1. Beyond Cavities – Extractions
The first thing that happens absent good dental hygiene is that plaque and tartar build up on teeth and create cavities. But a filling may not always be enough. Extractions are sometimes necessary.
Everything from simple extractions to more complex, surgical extractions can occur. While modern tooth replacement methods are available, it is always better to keep your natural teeth. Brushing, flossing, using dental mouth wash, and consuming teeth and gum friendly foods/drinks isn’t too much to ask to prevent tooth loss.
2. Root Canals
Sometimes, you won’t actually have to have a badly damaged tooth extracted, but the inner pulp will be too far gone for repair. That means that a root canal procedure would be your best option. Capped with a dental crown, a root canal tooth can last for 15 years or more and function much like an ordinary tooth.
In the end, a dental implant may be necessary if a root canal is not a viable option or if the root canal tooth has simply gotten to the point that it needs to be removed.
3. Deteriorated Bone Tissue
Below the gum line, where tooth roots connect to your alveolar ridge (on your jawbone), harmful bacteria can do damage you won’t be aware of until it is already far advanced.
First of all, bone deterioration can cause teeth to come loose or even fall out. But the bone itself can also thin out, and once there is no longer the daily pressure of a tooth’s biting, chewing, and talking above it – the bone tissue can resorb into your body.
This is why bone graft surgery is sometimes necessary before placing a dental implant. Bone resorption may have left too little bone for the implant to rest on/in. But bone can be grafted in and new bone tissue can grown around the graft.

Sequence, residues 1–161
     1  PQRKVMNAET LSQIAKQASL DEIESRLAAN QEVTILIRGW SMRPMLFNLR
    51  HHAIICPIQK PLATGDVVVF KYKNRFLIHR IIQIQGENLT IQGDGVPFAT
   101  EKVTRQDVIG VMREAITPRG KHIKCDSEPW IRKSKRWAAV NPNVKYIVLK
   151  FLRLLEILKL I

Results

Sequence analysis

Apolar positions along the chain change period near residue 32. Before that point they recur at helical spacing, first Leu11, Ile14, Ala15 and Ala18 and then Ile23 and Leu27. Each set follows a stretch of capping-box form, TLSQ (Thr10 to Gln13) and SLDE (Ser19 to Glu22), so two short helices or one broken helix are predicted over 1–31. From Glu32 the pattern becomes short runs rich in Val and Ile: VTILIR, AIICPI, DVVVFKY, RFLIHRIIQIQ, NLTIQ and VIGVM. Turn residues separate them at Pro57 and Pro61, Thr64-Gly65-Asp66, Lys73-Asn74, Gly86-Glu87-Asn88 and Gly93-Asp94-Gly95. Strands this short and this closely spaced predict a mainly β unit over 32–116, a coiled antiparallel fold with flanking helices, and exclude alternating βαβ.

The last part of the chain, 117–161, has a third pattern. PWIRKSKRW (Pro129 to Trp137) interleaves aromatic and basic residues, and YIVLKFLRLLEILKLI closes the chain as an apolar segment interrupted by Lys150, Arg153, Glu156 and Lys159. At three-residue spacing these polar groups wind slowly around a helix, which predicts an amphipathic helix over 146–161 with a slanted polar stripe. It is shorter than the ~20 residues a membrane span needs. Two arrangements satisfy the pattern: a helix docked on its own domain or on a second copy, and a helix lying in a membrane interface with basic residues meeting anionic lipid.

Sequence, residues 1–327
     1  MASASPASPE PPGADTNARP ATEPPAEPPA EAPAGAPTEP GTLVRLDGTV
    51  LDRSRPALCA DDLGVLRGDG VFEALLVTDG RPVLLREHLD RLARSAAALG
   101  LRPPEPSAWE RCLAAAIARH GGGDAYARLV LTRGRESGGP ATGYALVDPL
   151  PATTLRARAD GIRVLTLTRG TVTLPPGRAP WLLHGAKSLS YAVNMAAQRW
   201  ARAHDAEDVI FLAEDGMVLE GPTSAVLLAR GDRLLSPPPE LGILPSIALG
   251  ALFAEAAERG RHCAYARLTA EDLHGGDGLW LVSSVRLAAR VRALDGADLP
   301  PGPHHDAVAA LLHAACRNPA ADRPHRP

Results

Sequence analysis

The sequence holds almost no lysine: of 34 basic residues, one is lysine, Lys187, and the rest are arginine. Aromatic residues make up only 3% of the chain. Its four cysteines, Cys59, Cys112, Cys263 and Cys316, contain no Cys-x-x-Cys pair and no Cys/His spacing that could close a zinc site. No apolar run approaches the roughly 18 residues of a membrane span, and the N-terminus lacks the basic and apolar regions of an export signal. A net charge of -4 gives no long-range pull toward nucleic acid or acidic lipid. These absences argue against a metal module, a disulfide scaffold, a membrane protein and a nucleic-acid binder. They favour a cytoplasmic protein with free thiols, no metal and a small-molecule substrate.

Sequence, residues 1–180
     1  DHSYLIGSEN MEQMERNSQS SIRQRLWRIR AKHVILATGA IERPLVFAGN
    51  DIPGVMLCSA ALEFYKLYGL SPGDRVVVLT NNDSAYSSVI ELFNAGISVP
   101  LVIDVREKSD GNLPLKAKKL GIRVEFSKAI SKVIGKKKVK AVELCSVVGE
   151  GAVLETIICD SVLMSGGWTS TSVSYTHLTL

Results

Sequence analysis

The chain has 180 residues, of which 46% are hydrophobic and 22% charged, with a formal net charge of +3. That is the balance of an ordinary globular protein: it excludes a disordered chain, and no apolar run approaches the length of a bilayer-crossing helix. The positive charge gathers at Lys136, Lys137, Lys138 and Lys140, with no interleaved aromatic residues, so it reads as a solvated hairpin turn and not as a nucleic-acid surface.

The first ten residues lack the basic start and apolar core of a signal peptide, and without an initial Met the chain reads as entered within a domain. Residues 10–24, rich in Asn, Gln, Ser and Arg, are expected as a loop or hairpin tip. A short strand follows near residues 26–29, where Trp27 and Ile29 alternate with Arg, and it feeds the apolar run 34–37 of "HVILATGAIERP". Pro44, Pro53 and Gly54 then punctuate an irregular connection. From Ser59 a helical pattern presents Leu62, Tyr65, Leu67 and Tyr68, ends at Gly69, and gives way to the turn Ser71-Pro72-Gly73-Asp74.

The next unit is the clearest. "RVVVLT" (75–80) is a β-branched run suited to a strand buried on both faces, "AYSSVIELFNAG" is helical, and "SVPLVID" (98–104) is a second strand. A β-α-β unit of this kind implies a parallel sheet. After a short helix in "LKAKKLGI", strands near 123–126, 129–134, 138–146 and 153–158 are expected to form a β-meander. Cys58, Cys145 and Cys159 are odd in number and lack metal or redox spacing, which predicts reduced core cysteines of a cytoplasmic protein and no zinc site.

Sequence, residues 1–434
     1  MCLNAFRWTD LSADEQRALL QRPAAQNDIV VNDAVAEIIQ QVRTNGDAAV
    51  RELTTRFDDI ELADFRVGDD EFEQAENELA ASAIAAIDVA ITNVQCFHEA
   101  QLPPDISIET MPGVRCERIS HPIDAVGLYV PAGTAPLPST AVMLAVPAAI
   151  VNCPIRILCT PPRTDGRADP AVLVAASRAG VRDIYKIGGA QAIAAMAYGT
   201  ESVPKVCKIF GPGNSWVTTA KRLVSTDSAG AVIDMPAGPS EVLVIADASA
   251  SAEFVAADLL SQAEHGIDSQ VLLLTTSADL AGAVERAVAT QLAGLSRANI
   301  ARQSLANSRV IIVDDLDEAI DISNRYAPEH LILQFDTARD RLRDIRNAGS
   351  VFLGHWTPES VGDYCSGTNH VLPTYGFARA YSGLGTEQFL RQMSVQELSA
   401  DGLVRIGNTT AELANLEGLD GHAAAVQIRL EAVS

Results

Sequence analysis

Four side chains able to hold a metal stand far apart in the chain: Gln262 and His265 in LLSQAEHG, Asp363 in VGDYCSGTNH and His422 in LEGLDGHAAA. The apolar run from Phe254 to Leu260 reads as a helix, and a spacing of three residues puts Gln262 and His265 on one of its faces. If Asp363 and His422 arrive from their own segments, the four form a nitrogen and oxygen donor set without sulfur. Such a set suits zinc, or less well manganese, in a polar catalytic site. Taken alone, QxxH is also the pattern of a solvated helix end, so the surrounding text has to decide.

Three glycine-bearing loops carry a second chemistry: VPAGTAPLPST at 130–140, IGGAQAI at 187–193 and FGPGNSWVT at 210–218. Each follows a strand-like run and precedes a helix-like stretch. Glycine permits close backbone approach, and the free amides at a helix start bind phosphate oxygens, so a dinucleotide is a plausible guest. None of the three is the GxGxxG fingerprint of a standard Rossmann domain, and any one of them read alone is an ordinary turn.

4. Periodontal Disease
In the rush to protect your teeth, don’t forget about your gums! Gingivitis (mild gum disease) and periodontitis (advanced gum disease) can develop when plaque and bacterial “biofilms” live on the surface of your periodontal tissue.
Over time, gums may easily bleed, become painful to the touch, recede from a normal gum-line height, and begin to effuse white pus. In its most advanced stages, gum disease can lead to tooth loss and dangerous infections. Modern periodontal treatment can usually reverse these problems, but “an ounce of prevention is worth a pound of cure.”
5. Ill Effects On Your Overall Health
Good dental hygiene is a much bigger issue than just what concerns your mouth. Bad oral health can affect your overall health. Poor gum health in particular increases one’s risk of heart disease, strokes, Alzheimer’s Disease, pneumonia, osteoporosis, and more.
Maintaining good dental hygiene is a serious issue. Contact Ormond Beach Periodontics & Implant Dentistry today for oral health tips or for help in correcting existing dental/oral health problems.